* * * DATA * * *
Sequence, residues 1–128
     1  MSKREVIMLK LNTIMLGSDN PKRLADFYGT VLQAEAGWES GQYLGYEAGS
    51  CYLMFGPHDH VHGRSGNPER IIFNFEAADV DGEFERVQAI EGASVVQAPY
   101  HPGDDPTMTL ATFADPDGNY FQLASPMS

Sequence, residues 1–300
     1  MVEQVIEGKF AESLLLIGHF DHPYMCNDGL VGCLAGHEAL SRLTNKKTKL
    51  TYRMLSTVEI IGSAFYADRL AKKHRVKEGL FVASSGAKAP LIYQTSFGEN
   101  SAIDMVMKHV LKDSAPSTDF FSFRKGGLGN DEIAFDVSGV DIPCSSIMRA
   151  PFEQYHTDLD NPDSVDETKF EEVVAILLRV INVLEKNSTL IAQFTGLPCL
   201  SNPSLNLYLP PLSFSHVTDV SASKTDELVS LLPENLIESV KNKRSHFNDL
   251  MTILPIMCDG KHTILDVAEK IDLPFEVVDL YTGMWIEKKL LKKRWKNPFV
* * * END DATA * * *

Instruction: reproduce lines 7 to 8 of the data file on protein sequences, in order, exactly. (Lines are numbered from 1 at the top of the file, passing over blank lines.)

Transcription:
    51  TYRMLSTVEI IGSAFYADRL AKKHRVKEGL FVASSGAKAP LIYQTSFGEN
   101  SAIDMVMKHV LKDSAPSTDF FSFRKGGLGN DEIAFDVSGV DIPCSSIMRA